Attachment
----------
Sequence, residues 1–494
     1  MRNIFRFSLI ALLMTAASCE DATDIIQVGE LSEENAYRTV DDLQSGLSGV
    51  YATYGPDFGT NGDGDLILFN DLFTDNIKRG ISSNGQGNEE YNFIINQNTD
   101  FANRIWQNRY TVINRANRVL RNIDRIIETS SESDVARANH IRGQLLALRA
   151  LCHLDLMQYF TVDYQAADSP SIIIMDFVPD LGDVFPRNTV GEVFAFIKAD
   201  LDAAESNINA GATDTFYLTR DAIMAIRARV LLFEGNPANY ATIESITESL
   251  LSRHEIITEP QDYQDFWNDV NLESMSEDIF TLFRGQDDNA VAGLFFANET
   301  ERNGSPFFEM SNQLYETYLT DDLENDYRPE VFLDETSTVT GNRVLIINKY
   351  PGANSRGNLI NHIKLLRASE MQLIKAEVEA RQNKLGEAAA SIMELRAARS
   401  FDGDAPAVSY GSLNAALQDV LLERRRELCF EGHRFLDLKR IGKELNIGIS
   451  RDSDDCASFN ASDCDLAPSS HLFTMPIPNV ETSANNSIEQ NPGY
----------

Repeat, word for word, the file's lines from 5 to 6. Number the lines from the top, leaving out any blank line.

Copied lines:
   151  LCHLDLMQYF TVDYQAADSP SIIIMDFVPD LGDVFPRNTV GEVFAFIKAD
   201  LDAAESNINA GATDTFYLTR DAIMAIRARV LLFEGNPANY ATIESITESL